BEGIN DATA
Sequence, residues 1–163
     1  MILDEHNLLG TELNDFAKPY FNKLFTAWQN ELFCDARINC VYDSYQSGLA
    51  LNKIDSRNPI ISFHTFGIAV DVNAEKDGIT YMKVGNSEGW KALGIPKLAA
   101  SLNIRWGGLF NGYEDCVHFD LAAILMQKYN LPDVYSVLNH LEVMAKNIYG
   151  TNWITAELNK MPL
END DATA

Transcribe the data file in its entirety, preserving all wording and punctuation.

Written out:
Sequence, residues 1–163
     1  MILDEHNLLG TELNDFAKPY FNKLFTAWQN ELFCDARINC VYDSYQSGLA
    51  LNKIDSRNPI ISFHTFGIAV DVNAEKDGIT YMKVGNSEGW KALGIPKLAA
   101  SLNIRWGGLF NGYEDCVHFD LAAILMQKYN LPDVYSVLNH LEVMAKNIYG
   151  TNWITAELNK MPL